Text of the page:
Gift of Sight – Gift of Light

Of the many projects completed in 2002, one of the most satisfying was the Cataract Eye Operations Project in East Africa. While in Nairobi over a year ago, I spoke with several physicians and learned of the seriousness of the eye problems in Africa. In fact, blindness in Africa increases at the rate of two million persons per year. Doctors believe that 75% of these cases are avoidable and easily treatable. Unfortunately, there is less than one eye doctor available per million African people. So most people in need will never receive treatment.

After my initial investigations, I found that the Lions Sightfirst Hospital in Nairobi had a wonderful outreach program specially equipped to conduct cataract operations. Discussions with the chief surgeon inspired me greatly. I decided to get involved in helping their efforts to eradicate blindness. I came back to the States with an open mind, and discussed the situation with some close friends and students. Their positive responses made it possible for us to fund 135 cataract operations this year.

In my four visits to Africa in 2002, I devoted special time to participate in outreach “eye camps” in rural Kenya. In one of these “camps” about 450 people arrived for screening. The team from Lions Eye Clinic examined the people from morning until evening. Some of these people were so poor that they were unable even to pay for bus fare. People of all ages walked for miles just to reach the eye clinic.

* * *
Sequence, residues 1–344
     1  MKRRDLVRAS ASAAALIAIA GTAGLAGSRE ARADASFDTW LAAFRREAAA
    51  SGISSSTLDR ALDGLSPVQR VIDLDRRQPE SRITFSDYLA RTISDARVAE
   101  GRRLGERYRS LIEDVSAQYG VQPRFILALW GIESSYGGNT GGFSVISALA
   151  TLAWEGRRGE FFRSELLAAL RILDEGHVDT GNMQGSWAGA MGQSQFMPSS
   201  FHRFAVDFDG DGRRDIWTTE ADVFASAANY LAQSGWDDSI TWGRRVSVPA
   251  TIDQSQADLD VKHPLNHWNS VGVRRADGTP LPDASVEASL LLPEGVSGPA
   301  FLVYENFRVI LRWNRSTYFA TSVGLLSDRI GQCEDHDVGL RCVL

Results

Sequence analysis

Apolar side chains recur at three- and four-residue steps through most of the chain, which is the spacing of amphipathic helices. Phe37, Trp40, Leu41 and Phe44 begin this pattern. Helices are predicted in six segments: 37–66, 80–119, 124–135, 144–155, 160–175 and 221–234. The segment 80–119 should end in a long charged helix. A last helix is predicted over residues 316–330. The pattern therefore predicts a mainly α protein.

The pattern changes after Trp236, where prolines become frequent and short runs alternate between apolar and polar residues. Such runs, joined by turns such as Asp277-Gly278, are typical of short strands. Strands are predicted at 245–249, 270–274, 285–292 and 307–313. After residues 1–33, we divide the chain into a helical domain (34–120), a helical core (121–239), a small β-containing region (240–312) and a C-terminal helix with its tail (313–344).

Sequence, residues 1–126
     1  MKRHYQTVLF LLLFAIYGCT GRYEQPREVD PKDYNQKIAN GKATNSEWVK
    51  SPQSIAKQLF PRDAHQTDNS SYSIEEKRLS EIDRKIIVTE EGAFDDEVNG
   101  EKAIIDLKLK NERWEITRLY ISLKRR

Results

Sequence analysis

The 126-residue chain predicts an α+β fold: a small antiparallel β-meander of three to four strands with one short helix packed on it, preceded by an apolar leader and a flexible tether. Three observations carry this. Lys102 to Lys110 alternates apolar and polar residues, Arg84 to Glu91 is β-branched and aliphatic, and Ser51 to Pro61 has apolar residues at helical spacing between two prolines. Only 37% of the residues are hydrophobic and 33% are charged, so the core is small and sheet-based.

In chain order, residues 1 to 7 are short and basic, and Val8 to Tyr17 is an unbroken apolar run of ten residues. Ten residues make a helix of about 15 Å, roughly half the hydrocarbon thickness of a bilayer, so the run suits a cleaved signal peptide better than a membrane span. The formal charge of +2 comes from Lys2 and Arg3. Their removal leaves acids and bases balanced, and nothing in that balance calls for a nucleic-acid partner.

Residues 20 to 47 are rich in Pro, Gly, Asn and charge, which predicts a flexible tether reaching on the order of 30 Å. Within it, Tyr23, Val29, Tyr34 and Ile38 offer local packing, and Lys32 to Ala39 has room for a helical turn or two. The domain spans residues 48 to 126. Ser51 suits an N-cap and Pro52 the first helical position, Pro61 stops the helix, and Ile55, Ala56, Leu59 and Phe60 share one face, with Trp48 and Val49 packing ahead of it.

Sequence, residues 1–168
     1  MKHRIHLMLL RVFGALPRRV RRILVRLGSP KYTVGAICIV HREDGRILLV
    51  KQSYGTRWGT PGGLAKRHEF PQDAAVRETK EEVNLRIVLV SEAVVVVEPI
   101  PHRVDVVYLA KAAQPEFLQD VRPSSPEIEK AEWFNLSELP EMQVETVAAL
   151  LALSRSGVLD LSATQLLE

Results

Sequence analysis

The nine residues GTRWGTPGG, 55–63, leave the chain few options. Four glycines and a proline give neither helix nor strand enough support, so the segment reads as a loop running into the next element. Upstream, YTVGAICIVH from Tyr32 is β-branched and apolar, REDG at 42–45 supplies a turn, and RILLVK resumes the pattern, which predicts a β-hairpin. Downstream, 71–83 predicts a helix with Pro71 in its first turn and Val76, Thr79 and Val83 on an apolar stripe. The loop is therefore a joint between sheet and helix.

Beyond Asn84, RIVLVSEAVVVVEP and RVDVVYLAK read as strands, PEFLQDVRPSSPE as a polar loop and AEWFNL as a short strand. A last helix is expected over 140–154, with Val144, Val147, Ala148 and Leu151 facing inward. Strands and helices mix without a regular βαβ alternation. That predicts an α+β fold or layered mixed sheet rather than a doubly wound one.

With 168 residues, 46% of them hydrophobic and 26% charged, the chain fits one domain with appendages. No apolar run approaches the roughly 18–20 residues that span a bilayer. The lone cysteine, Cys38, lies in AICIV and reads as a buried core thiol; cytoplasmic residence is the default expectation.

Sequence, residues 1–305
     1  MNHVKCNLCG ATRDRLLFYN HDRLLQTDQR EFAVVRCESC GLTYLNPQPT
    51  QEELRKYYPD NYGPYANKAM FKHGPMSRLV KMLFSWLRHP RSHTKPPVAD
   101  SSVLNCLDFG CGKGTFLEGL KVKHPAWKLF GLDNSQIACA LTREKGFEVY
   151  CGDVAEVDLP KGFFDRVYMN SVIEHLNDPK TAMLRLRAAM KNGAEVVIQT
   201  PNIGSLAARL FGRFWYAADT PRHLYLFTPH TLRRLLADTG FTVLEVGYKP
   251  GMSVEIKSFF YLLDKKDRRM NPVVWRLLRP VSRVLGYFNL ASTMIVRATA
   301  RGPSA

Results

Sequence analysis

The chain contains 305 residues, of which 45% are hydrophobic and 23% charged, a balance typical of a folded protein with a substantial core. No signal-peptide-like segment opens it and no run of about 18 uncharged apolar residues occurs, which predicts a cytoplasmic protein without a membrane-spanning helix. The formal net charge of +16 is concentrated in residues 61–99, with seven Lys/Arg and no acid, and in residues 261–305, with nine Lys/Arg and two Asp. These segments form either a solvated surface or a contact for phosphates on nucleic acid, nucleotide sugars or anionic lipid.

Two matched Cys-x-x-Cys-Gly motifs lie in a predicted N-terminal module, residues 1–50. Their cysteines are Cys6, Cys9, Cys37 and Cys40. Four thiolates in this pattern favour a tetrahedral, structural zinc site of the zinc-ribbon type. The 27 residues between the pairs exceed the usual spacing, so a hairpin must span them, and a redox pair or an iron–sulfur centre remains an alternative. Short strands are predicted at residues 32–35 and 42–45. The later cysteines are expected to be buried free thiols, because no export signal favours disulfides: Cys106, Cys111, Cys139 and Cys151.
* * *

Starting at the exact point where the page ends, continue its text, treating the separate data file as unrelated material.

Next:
Although all patients seen were to receive treatment by the physicians, the doctors explained that only 10% of the people would qualify for cataract operations. I observed the eye exams and learned that cataracts are a condition in which the natural lens of the eye becomes cloudy, causing blurred and distorted vision. Over time, if left untreated, this causes needless blindness.

Once the patients diagnosed with cataracts were selected, they were immediately driven to Nairobi to be prepared for surgery the following day. After a one night hospital stay, the patients would be sent home with their vision restored. Our sponsorship covered the entire cost of transportation, operation, and hospital stay.

As with all the projects we sponsor, I enjoyed actively participating in the entire process from the rural village eye camps, to viewing the actual surgery in the operating theater, to discussions with the patients in recovery. For a few of the cases, the doctors invited me to observe the actual eye surgery. When I explained that I could not take off my robes, they were kind enough to allow me to wear my surgical gown on top of the robes, a highly unusual exception!

I was amazed that the entire operation took only 10 minutes. I noticed how a small lens was inserted after removal of the cataract. It was hard to believe that a blind person’s sight could be restored in so short a time. Can you imagine opening your eyes for the first time an seeing this world? I was so fortunate to share this experience of joy, laughter and gratitude with these special people.

By directly being in touch with those we help, we can come closer to their pain and suffering, understand it better, and allow them to inspire us.